Nov. 6, 2023, 7:30 PM Calflora’s Cynthia Powell on Exploring the Wild Plants of California

See the Zoom presentation on YouTube here:

You might know  Calflora ( best as a digital library website that you can use to learn about plants that grow wild in California (both native plants and weeds) and in your neighborhood. Calflora foresees emerging and growing needs for information related to locally focused planning, education, and conservation and is paid for by the nonprofit organization of the same name, dedicated to providing information about California plant biodiversity for use in Education, Research and Conservation.

The Calflora database includes over 3.1 million plant observations, covering more than 8,000 plants.  Using Calflora you can: Find Out What Plant Observations Have Been Made... by a certain person, of a certain plant, in a certain area, or during a certain time period.  You can also Find Out What Plants Grow in a Place by zooming in and out of the map, or drawing a polygon.  There’s more! You can learn about Calflora’s more advanced features here (, where you will find links to many web applications concerning California plants.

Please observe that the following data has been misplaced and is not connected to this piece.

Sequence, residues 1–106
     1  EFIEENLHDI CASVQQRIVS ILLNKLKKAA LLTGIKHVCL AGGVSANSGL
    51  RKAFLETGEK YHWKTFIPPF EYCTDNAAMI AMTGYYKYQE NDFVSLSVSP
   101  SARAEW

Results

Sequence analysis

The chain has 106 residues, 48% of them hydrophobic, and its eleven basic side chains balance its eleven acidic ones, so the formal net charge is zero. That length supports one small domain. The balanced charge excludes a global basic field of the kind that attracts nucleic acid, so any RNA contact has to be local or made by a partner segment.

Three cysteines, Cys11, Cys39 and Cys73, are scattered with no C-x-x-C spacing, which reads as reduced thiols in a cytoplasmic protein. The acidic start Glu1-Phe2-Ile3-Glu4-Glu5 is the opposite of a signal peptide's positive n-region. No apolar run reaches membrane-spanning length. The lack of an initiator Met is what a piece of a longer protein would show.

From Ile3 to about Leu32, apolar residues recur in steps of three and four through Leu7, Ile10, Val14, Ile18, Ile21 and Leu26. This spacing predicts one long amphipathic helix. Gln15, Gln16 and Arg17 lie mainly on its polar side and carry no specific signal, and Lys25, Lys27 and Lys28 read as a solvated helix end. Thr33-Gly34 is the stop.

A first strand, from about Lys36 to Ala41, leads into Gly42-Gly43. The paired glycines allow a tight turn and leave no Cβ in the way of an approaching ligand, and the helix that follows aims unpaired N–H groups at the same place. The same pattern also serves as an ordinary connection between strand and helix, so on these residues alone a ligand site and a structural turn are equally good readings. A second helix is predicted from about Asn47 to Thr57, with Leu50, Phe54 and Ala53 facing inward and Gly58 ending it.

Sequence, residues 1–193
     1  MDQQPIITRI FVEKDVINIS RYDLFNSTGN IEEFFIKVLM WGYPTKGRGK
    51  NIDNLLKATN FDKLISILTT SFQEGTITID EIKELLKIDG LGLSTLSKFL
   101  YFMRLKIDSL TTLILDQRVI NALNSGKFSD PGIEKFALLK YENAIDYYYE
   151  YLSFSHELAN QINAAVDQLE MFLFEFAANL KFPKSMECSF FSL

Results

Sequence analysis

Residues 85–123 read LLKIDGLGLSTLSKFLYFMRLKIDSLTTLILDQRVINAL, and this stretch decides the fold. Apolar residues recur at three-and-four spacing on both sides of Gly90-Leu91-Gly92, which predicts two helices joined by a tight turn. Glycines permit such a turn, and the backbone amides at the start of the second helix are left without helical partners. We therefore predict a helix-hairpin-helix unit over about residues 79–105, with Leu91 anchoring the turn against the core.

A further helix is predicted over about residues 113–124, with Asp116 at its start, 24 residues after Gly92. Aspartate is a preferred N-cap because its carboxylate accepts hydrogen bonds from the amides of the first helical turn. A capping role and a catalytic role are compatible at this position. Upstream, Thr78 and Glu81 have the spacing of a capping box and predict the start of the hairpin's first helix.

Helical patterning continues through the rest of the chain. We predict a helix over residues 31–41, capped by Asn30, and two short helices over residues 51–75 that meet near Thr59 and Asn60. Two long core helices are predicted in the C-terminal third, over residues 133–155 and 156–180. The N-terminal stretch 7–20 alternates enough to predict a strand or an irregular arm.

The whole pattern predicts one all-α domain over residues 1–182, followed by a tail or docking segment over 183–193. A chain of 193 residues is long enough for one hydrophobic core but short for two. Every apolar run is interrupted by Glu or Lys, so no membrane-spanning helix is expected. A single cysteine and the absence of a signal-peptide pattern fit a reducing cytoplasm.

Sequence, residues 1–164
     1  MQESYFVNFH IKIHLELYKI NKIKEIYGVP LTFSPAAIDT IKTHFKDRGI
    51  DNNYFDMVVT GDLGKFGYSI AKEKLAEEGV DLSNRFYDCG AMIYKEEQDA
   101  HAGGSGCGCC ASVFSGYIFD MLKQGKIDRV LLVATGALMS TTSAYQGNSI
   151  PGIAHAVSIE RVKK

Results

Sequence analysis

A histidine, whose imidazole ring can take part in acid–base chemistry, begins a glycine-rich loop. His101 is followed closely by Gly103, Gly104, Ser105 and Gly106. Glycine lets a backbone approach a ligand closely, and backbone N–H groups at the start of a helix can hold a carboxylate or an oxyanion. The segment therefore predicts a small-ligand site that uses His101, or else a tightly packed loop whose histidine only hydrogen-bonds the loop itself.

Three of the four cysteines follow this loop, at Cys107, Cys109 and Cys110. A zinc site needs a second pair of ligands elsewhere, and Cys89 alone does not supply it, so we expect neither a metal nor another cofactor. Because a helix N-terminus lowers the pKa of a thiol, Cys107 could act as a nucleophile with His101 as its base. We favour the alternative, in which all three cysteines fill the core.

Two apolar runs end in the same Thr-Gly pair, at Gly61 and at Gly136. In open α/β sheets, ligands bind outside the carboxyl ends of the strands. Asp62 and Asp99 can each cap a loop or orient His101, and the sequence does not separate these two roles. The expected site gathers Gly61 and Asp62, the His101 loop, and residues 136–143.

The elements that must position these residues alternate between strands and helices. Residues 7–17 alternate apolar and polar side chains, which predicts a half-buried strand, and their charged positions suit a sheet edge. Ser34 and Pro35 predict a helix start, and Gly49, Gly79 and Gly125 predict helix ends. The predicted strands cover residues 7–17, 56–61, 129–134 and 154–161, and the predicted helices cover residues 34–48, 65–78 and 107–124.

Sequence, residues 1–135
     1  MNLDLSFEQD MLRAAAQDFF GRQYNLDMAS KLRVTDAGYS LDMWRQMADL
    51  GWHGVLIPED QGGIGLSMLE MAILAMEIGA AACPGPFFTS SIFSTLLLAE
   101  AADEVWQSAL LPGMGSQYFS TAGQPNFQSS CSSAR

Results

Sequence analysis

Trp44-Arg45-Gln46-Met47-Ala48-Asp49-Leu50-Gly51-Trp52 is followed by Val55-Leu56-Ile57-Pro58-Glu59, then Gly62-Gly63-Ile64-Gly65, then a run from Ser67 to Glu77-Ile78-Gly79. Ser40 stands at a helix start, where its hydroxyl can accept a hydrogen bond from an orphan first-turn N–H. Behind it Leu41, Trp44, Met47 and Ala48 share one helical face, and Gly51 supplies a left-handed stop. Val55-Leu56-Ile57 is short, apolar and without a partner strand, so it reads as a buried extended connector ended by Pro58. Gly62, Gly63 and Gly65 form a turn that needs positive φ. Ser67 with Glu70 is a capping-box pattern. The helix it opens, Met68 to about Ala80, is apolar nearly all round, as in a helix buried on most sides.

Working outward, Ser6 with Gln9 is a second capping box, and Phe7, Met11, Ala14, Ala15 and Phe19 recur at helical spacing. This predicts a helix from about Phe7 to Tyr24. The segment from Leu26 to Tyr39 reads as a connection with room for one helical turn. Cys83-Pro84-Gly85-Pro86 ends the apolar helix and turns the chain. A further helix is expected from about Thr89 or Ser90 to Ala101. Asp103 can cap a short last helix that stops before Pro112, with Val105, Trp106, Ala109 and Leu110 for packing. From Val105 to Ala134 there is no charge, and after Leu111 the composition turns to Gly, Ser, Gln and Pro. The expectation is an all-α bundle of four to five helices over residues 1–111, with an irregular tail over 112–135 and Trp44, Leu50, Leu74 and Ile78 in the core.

Among the contributors to Calflora: the Consortium of California Herbaria, iNaturalist, public agencies, non-profits, scientists, private donors, and you!

Volunteers are an important part of the ongoing quality assurance process. If you are interested in wild plants in California, you are cordially invited to join this community. For instance, if you are aware of a plant growing wild in some park or other location where it is not yet shown on Calflora, we urge you to register as a contributor and to add an observation of that plant where you know it grows.  If it is an observation record that does not look right and you are a contributor, you can write a comment on the record. We pay attention to comments and answer emails, so what you see on Calflora is the product of the vigilance of many engaged users.

Calflora on YouTube!

Cynthia Powell, Botanizing

Cynthia Powell is Calflora’s Executive Director. She graduated with her MS in GIS in 2010 forecasting Mokelumne River water supply based on MODIS remote sensing snow pack images. She’s been examining what was under that snow — plants — ever since. She coordinates all of Calflora’s programs, research, outreach, and advocacy, as well as fundraising and management.







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